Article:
Pathology of the Lens

Pathology of the Lens

Marilyn C. Kincaid

The lens is unique in that it is a closed structure composed of epithelium with its basement membrane on the outside. It is transparent and has no innervation or blood supply.

During the first few weeks of embryonic life, surface ectoderm overlying the optic cup invaginates and pinches off to form a sphere of cells surrounded by basement membrane. The surface ectoderm later forms the eyelid skin, conjunctival epithelium, and corneal epithelium. The posterior cells of the lens vesicle elongate, losing their nuclei and forming the lens fibers, while the anterior cells remain as low cuboidal epithelium a single layer thick. Lens fibers are termed as such because they are long and slender; there is no true connective tissue in the lens.

The lens epithelium keeps replicating throughout life at the lens equator, reflecting its surface ectodermal origin. Because the cells cannot be desquamated, the lens very gradually becomes larger anteroposteriorly throughout life.


Abnormalities of the lens are seen in many ocular and systemic congenital malformations and diseases. Congenital anomalies can also be isolated findings, and can be hereditary or sporadic.


The lens has a natural tendency to assume a more spherical shape. This phenomenon accounts for accommodation, when the circular muscle of the ciliary body contracts, allowing the zonules to relax. This tendency probably also explains lens coloboma, in which the lens zonules are missing in the area of a ciliary body coloboma and the lens appears notched in that area. Because there are no zonules in the area of the coloboma, the lens takes on its more natural spherical shape, forming a notch in this area.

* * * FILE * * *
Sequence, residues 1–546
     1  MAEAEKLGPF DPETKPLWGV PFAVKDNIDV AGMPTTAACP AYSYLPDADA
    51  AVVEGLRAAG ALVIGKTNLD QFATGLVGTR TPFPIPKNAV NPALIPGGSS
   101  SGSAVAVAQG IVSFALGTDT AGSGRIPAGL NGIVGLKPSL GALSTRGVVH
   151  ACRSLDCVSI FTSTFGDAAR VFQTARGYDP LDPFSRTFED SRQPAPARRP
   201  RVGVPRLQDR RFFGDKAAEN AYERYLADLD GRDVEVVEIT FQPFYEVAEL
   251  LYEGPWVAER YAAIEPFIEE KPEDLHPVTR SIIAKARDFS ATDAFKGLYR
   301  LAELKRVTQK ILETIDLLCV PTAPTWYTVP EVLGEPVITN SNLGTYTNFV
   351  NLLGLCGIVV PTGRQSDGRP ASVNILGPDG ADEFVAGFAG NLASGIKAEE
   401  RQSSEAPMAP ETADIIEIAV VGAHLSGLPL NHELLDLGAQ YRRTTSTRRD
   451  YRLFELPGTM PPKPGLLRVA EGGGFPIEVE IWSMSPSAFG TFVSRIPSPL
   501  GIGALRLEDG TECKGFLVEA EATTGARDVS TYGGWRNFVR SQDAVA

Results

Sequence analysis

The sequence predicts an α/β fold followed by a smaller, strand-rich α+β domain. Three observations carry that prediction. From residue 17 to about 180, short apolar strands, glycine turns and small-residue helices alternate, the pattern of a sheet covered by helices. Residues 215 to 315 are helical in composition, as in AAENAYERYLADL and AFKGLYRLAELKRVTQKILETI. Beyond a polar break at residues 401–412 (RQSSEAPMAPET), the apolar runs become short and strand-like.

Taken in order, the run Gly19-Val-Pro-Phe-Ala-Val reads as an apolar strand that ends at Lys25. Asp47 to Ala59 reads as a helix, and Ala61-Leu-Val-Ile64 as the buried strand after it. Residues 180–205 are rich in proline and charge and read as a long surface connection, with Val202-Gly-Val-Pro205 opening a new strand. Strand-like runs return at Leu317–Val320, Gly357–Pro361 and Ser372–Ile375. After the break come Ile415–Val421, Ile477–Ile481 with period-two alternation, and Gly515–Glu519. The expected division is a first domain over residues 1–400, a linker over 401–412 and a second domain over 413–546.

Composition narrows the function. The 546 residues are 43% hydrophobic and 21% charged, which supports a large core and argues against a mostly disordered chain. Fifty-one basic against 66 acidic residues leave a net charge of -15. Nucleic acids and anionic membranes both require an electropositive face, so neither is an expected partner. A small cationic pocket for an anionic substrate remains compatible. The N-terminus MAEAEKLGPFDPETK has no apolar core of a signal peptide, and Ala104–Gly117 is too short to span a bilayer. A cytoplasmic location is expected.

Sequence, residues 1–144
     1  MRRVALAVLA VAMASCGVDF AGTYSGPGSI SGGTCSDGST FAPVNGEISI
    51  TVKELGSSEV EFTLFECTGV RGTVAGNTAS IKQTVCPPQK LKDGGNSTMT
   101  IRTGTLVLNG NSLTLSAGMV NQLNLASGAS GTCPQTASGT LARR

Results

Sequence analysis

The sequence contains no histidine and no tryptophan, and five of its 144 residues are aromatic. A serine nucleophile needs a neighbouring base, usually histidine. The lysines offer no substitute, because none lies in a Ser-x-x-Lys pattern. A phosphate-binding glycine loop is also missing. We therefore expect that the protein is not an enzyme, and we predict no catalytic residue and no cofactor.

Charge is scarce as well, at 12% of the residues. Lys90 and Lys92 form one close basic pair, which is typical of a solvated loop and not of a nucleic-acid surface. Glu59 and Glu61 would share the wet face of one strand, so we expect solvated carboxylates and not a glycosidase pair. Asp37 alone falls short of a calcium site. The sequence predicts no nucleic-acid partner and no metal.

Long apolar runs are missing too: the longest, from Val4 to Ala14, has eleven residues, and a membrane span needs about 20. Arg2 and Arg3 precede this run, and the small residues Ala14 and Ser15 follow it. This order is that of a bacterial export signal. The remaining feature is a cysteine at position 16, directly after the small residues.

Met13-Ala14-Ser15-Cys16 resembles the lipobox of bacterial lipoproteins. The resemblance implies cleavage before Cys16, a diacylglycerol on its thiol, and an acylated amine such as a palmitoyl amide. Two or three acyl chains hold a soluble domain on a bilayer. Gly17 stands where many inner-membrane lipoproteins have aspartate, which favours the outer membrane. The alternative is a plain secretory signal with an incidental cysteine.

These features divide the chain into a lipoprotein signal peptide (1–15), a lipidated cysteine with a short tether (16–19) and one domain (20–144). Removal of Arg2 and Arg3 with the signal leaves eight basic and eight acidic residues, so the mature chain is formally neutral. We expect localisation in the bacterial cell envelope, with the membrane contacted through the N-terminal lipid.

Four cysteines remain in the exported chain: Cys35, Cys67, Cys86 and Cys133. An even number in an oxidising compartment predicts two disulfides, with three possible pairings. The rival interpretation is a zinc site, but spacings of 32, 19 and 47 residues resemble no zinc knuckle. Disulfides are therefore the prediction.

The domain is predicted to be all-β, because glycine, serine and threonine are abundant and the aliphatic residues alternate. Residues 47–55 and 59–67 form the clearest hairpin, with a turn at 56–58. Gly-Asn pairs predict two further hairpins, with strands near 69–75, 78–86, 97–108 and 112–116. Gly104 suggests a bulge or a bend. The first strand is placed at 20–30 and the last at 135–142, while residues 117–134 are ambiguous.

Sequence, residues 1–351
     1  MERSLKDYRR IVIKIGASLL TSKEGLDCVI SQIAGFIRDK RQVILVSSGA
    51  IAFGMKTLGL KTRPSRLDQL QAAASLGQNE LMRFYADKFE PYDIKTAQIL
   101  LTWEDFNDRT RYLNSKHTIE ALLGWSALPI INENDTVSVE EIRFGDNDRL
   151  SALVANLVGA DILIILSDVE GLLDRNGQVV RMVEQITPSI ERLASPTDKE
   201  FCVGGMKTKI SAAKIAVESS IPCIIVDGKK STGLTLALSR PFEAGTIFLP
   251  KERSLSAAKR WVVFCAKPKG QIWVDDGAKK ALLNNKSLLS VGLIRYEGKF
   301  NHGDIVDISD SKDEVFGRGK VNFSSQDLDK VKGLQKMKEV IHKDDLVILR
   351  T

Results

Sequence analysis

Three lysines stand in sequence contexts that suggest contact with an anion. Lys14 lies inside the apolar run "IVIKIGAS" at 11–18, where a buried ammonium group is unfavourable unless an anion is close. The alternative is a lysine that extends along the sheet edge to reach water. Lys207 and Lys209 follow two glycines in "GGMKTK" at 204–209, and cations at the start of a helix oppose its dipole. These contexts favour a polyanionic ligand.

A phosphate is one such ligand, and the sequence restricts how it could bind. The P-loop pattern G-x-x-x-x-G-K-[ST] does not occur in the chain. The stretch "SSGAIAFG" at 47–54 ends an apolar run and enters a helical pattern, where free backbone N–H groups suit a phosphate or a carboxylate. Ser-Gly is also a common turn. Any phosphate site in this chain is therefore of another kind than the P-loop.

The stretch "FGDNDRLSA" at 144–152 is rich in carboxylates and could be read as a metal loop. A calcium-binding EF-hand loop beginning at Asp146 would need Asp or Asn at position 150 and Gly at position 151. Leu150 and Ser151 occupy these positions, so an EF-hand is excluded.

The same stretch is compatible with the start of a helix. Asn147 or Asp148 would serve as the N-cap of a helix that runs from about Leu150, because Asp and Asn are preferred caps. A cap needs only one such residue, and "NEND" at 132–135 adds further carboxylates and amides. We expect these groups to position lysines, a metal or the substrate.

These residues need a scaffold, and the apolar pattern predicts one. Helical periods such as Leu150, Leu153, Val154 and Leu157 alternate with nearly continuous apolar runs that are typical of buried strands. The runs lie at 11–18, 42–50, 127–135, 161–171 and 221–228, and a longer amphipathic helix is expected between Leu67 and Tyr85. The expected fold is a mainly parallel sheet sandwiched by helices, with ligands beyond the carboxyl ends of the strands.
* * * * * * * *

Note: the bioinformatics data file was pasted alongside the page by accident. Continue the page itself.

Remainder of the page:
A congenital cystic eye develops when the optic vesicle fails to invaginate, an event that normally takes place at 4 weeks’ gestation. When this happens, the expected contact between the optic cup and the surface ectoderm does not occur. Thus, a congenital cystic eye contains no surface ectodermal component, including the lens.1


Anophthalmia can be primary or secondary, involving central nervous system malformations, or it can be degenerative. In primary and secondary anophthalmia, no optic vesicle is formed and thus the lens is not induced.2 The term degenerative anophthalmia implies the formation and subsequent loss of the optic vesicle. Therefore, in degenerative anophthalmia, the optic vesicle may have existed long enough to induce lens and cornea formation, so remnants of these structures may be found within the orbit.3